Bringing Home the Novelista

Today I am bring home my tutorial, for you, on how to line the fabulous Novelista, in fleece. I have to say this is one of my most worn shirts. It is super cozy warm and I never want to take it off. If you choose to make one, you now have fair warning!

Tutorial on how to line the Novelista shirt in fleece. So cozy and warm!

First, grab a copy of the Novelista. Go ahead, *whistles* I’ll wait.

Tutorial on how to line the Novelista shirt in fleece by Falafel and the Bee

Since I have lined the entire shirt, including sleeves, you need the same amount of fabric for the lining as the outer fabric. I used flannel for the outside, and fleece for the liner. It makes for one cozy shirt, let me tell you.

Tutorial on how to line the Novelista shirt in fleece by Falafel and the Bee

BTW: my youngest took these photos, and the majority of them came out like this one above. It looks like I may fall of the earth at any moment.

OK. Now to adjust the cut list.

The pieces that were affected were these:

yoke: 1 outer, 1 fleece

collar band: 1 outer, 1 fleece

front: 2 outer, 2 fleece

sleeves: 2 outer, 2 fleece (I waited to cut the outer and lining placket line together- see below)

side front: 2 outer, 2 fleece

side back: 2 outer, 2 fleece

back: 1 outer, 1 fleece

cut out all other pattern pieces as directed.

Just a little heads up- I will refer, in my instructions, to WS (wrong sides) and RS (right sides), often. A lot of this shirt is sewn with the outer and lining WS together, as if they were one piece of fabric. You’ll catch on.

Now I am going to take you through my changes, step by step.

Follow step 1 as written. When you get to Step 2, make sure you place the liner on the outer WS together.

Tutorial on how to line the Novelista shirt in fleece by Falafel and the Bee

This is what step 2 should look like. Do Step 3.

Tutorial on how to line the Novelista shirt in fleece by Falafel and the Bee

In Step 4, I also chose to add a little strip of bias tape to the front placket, to break up that plaid. Totally optional.

Tutorial on how to line the Novelista shirt in fleece by Falafel and the Bee

In Step 5, I sewed the outer front and outer side front together. Make sure the lining piece is out of the way.

Tutorial on how to line the Novelista shirt in fleece by Falafel and the Bee

Then did the same for the lining front and lining side front. Repeat for the other side of the shirt. When you are done, it will look like this.

Tutorial on how to line the Novelista shirt in fleece by Falafel and the Bee

Take a moment to admire your expert pattern matching.

I chose not to sewn on a pocket. If you do, just follow the directions as written.


Next up is the Shirttail Back.

Step 1, I made sure to only make the pleat on the outer fabric. The lining is already bulky enough, so I trimmed it to be the same size as the newly pleated back piece. Make sure you have WS together when you do this.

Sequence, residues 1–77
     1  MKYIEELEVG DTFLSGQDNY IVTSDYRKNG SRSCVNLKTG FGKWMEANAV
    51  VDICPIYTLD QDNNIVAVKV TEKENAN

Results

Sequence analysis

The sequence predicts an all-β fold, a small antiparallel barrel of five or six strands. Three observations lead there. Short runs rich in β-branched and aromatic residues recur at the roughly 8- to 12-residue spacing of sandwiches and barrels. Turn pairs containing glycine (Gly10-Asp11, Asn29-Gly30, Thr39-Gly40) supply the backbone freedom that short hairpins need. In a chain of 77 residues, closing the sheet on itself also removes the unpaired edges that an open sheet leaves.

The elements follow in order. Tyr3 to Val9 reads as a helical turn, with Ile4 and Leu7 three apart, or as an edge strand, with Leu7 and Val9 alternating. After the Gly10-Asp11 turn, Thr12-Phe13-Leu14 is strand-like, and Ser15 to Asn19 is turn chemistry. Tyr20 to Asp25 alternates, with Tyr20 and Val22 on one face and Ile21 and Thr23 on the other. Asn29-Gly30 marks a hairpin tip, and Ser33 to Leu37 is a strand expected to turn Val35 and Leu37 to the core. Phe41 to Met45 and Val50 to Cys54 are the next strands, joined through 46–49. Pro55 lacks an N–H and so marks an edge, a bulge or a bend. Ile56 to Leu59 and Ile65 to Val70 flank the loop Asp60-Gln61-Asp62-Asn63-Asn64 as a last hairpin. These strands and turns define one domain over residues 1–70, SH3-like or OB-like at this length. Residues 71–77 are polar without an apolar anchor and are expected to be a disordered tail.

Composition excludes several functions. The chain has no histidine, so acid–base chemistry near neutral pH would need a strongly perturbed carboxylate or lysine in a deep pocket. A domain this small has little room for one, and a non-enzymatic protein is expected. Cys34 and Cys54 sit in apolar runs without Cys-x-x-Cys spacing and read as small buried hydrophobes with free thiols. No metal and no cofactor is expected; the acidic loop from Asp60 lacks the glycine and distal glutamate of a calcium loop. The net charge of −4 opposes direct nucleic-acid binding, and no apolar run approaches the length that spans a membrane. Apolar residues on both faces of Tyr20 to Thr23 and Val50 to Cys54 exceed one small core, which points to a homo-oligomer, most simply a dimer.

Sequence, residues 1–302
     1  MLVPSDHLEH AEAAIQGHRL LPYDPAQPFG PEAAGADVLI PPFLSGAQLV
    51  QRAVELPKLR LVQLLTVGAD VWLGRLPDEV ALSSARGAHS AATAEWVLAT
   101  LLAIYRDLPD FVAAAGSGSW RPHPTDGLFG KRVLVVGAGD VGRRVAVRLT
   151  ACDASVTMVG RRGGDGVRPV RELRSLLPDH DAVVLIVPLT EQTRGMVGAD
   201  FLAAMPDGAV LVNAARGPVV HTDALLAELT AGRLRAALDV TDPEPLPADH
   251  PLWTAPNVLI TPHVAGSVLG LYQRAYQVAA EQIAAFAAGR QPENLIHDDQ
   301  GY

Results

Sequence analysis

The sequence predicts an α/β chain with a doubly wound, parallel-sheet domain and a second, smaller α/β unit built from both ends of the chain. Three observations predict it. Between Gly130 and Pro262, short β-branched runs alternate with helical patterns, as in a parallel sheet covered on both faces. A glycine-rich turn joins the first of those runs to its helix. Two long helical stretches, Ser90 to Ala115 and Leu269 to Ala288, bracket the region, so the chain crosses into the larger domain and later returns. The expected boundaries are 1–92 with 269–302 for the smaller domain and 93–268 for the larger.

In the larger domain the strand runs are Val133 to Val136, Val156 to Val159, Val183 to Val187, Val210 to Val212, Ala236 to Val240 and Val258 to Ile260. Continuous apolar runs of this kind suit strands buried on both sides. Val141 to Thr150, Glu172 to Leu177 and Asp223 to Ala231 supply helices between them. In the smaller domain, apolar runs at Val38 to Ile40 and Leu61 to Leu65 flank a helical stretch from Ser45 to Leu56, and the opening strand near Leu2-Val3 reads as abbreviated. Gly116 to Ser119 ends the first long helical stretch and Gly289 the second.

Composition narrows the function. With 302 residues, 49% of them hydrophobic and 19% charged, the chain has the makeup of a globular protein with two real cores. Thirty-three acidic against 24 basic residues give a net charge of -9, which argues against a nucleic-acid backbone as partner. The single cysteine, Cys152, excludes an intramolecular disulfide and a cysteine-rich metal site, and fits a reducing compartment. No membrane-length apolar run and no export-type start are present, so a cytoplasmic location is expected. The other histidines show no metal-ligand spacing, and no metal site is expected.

Step 2: I did not photograph any of this, but repeat how you did the front pieces, only this time with the back. Sew outer back to outer side backs, and lining back to lining side backs.



Treat your back pieces as one (lay lining on outer WS together) and follow steps 1 through 4 as written.


Long Sleeves

Tutorial on how to line the Novelista shirt in fleece by Falafel and the Bee

Step 1: Lay both lining and outer sleeves WS together, and cut along the placket line.

Tutorial on how to line the Novelista shirt in fleece by Falafel and the Bee

I chose to use bias tape for my sleeve placket, but if you are making yours, follow step 2 as written.

Tutorial on how to line the Novelista shirt in fleece by Falafel and the Bee

After Steps 3, 4 and 5, you should have this.

Tutorial on how to line the Novelista shirt in fleece by Falafel and the Bee

I also chose to skip steps 6-10, because my sleeves are a little too bulky to roll up. If you choose to, follow as written. Do not move on to Step 11!

I had to put mine together a little differently at this point. You are going to be sewing your sleeves up before inserting into the shirt. So take the outer and fold RS together, and fold the lining RS together and pin in place. Sew each side.

Tutorial on how to line the Novelista shirt in fleece by Falafel and the Bee

Now comes the fun part. Turn the lining right side out, and pull the outer sleeve through it. Then turn the whole thing right side out.

Tutorial on how to line the Novelista shirt in fleece by Falafel and the Bee

You should have something that resembles a very neatly lined sleeve! Repeat for other sleeve. Then put them aside.

Pick up your shirt body. We need to sew up those sides.

Tutorial on how to line the Novelista shirt in fleece by Falafel and the Bee

Turn your shirt with the lining facing out.

Tutorial on how to line the Novelista shirt in fleece by Falafel and the Bee

Fold back the lining sides, and grab the outer fabric sides (should be RS together).

Tutorial on how to line the Novelista shirt in fleece by Falafel and the Bee

I like to pin (or clip) together. Then sew. Repeat for other side.

To sew the lining sides together, you will have to do some fabric gymnastics like you did in the yokes steps (see yoke section in pattern). Make sure the lining sides are RS together and pin, then sew (be sure that the outer shirt is out of the way when sewing).